News of the devastation caused by aids has been a steady drumbeat for decades now, and it keeps getting louder. The New York-based Council on Foreign Relations recently reported that 39 million people are expected to die of the disease in the next five or 10 years, and warns that some countries may find themselves unable to perform basic functions of governance. For the past five years, former U.S. ambassador Richard Holbrooke has been at the forefront of the war on AIDS, acting as CEO of the Global Business Coalition on HIV/AIDS, a member-supported group that works to enlist corporations to fight the disease. NEWSWEEK's Fred Guterl spoke with him about the growing crisis. Excerpts:
GUTERL: How bad is the situation?
HOLBROOKE: AIDS is unquestionably the worst health crisis in 700 years, since the Black Death. It decimates societies, and if it's not stopped it can wreck the social fabric and security of entire nations. This is already happening in parts of Africa, and other countries from Papua New Guinea to India are threatened. The fastest-growing AIDS rates in the world are in Russia, Ukraine and Estonia. Therefore, it is correct, in my view, to call it a national-security issue.
Africa, though, is still the biggest problem?
Africa is the heart of the problem, and South Africa is its epicenter. The South African government has come under well-deserved criticism for being slow to react to the problem. The Mbeki government has not been a very strong voice in this issue. They've been famously confused over it. They have undermined the effort to educate people on how to prevent its spread and how to deal with it. Church leadership in many countries has also been slow.
But it's not just an African disease. India has the first or second largest number of AIDS victims already, and the Indians are in heavy denial--they don't spend many resources on it. The new government is better than the last government, but not better enough. By denying the problem, the Indians are actually letting it spread, undetected, so the explosion will come down the road when it's too late.
In what sense is India in denial?
They haven't declared it a national emergency. They talk about it occasionally, but they don't have an all-out national campaign of prevention and education. They haven't put enough resources into it.
Other than Africa, is India the most worrisome?
I definitely worry about India more than Russia or China, because of the size of the population, the density and the fact that it can spread much more rapidly in those circumstances. China's problem is real, but precisely because China uses such brutal and draconian methods that no democracy could use, they're likely to be able to contain it. Russia is a major problem. But if you polled 100 AIDS experts in the world, they'd vote India as the most worrying, aside from Africa.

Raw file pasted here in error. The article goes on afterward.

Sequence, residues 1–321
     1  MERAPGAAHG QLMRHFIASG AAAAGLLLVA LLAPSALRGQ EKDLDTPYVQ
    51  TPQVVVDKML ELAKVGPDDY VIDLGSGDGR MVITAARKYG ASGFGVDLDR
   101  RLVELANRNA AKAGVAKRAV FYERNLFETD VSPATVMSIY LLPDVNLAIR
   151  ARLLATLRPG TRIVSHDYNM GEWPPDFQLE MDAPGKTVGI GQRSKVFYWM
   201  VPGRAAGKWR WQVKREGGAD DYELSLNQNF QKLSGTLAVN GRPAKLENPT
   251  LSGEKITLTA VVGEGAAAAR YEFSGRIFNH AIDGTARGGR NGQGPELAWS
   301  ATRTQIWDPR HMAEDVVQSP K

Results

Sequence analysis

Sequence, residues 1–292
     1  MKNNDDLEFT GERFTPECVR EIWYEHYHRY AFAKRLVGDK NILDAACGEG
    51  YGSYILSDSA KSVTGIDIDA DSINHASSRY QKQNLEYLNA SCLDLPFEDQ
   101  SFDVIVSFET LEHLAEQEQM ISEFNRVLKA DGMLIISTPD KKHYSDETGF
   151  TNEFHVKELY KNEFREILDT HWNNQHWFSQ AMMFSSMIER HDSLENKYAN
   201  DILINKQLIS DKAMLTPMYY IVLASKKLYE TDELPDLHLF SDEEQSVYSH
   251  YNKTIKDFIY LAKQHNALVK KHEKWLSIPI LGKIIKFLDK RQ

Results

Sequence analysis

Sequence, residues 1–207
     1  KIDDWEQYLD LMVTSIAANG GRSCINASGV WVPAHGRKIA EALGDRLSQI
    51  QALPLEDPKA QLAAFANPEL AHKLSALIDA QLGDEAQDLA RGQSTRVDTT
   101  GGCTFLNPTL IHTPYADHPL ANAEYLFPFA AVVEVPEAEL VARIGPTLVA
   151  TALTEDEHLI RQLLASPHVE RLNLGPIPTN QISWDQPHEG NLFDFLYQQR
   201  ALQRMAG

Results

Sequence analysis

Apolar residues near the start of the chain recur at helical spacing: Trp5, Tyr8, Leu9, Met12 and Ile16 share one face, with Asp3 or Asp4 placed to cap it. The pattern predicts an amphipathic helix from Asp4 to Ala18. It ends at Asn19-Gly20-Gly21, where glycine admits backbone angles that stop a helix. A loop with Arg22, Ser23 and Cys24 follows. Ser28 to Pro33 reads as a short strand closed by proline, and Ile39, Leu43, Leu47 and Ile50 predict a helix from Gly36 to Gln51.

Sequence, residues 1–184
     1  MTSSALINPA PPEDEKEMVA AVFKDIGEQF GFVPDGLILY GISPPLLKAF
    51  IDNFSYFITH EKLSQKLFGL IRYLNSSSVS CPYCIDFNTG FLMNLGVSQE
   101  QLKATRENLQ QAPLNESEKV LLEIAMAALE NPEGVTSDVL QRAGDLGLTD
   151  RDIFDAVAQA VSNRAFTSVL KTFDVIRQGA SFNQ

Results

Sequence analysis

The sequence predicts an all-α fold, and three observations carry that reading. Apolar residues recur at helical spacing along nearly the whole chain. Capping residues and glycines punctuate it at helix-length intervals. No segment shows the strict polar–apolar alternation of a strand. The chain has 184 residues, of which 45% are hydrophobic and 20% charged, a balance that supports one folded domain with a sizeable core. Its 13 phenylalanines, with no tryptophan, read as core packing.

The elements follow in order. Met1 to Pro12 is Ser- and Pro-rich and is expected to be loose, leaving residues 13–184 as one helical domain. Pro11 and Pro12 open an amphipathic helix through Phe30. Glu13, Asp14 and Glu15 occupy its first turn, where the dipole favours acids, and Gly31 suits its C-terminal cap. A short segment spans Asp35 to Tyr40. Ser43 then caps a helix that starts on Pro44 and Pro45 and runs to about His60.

Why is denial so problematic?
AIDS spreads most rapidly when people are in denial about what causes it and how to prevent it. Ninety-five percent of all the people in the world who are HIV-positive don't know it, which means that they're unintentionally spreading it for the seven or eight years it lies without any symptoms in a person's body. Prevention is the No. 1 issue. Otherwise, the amount of money we spend on treatment will be a bottomless pit. Nothing is going to work unless the spread of it is stopped, which means prevention, which means testing.
Is the World Health Organization's effort to administer antiretrovirals to 3 million people by year-end making a dent in the problem?
Even if [the program] succeeded--and they have now admitted that they won't make it--in 2005 about 4.2 million people will get infected with HIV. It's the tortoise and the hare, and the hare is going to win. If ever an ounce of prevention was worth a very large pound of cure, it's in this area. That means condoms, abstinence, the development of female microbicides (which everyone is working on), education and, above all, testing. We will never get in front of the disease and stop it until we put more effort into prevention. Testing must be confidential, and the disease must be destigmatized. The stigmatization issue is enormous, but testing must be encouraged.
One country in the world has done this: Botswana, with 30-plus percent infection rate, has moved from purely voluntary testing to highly encouraged testing--they've increased testing from about 7 percent to over 90 percent in the last year. The result is the beginning of a turnaround.
What can businesses do to combat the AIDS epidemic?
They have a vital role to play in the fight against AIDS. It's in their own financial interests to do so, because otherwise large companies are going to find that they have to keep training new workers. So they have to get heavily engaged in the prevention and treatment of the disease. If they operate in heavily affected areas, they should encourage testing, free counseling and free treatment.